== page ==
Like all excellent nonfiction, Robert Kolker’s depiction of a family plagued by mental illness proves the credo that truth truly is stranger than fiction. What makes this story incredibly captivating is the disbelief you’ll have that so much misery and pain could exist inside one family. But it’s Kolker’s impressive ability to get to the heart of the story that ends up making this book about more than just tragedy – instead, it transcends into a story about the family ties that both bind us and break us.
“Hidden Valley Road” introduces the reader to the Galvin family, lead by parents Mimi and Don. Spanning from 1945 to 1965, the two had 12 children (10 boys and 2 girls). Living on the titled road in Colorado, the Galvin family appeared to be the epitome of all-American middle-class life. While they tried to keep the facade in place for decades, the truth behind daily life at the Galvin household was something far more terrifying. By the time they reached adulthood, six of the ten boys had displayed alarming and debilitating symptoms of schizophrenia. The house on Hidden Valley road became one plagued with violence and chaos, as one child after another descended into madness. Each chapter sinks into the despair of mental illness, along with the frustrations (that still exist) with the inability of the medical community to appropriately diagnose and effectively and safely treat these types of mental disorders.
This book would have been fascinating enough from a psychology point of view or even just if you enjoy the perverse feeling you get from looking at a slowly-unfolding car accident. Instead, Kolker ups the ante by providing the reader with background on schizophrenia itself (which might sound boring but is actually immensely interesting). But above all else, the aspect that made this book so impressive was the way that Kolker dug into universal themes that impacted the Galvin family – what we’re willing to do to present a picture-perfect image to the world and the secrets we’re willing to keep even if they’re literally killing us.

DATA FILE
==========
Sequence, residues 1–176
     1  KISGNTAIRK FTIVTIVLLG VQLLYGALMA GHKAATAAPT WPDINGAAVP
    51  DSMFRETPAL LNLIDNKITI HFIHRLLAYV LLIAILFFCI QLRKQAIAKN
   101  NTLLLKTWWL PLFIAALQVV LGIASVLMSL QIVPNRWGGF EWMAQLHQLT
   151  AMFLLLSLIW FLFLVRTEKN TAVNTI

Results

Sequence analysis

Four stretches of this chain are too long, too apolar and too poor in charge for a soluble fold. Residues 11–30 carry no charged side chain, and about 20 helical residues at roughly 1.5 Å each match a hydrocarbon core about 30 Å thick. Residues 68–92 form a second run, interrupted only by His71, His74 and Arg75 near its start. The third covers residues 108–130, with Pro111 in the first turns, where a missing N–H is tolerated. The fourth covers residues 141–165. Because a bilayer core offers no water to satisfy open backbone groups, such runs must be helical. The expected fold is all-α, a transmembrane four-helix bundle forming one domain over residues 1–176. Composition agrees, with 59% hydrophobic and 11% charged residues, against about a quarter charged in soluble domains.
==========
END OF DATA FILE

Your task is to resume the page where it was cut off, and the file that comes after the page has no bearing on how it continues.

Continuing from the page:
Mental illness is still so misunderstood and isn’t examined enough on a thoughtful scale like it is in “Hidden Valley Road.” This story will stay with me for a long time; not just because of the horror the Galvins experienced, but more because it gave me hope that the current (and future) generations will be more willing to examine how mental illness and trauma are allowed to fester in families. There will hopefully be more brave individuals like the youngest Galvin, Mary, who eventually entered therapy to help herself heal. Plus, there are also more researchers (like the ones depicted in the book) who have decided to take on the frustratingly complex issue of ‘solving’ diseases like schizophrenia. There’s hope that instead of locking up people with mental illness and throwing away the key, there will instead be compassion and clear-cut treatments for them.
I read this book before Oprah picked it for her book club, but I’m so happy that she’s decided to feature a non-fiction title that shows what the very best in this genre can demonstrate – that we’re all more alike than we think. Every family has skeletons in the closet and only through shedding light on the darker, more shameful parts will we be able to create healthier families in the future. For now, I’ll just be feeling grateful that Kolker put this book out into the world.
*Free ARC provided by Netgalley and Doubleday Books in exchange for an honest review*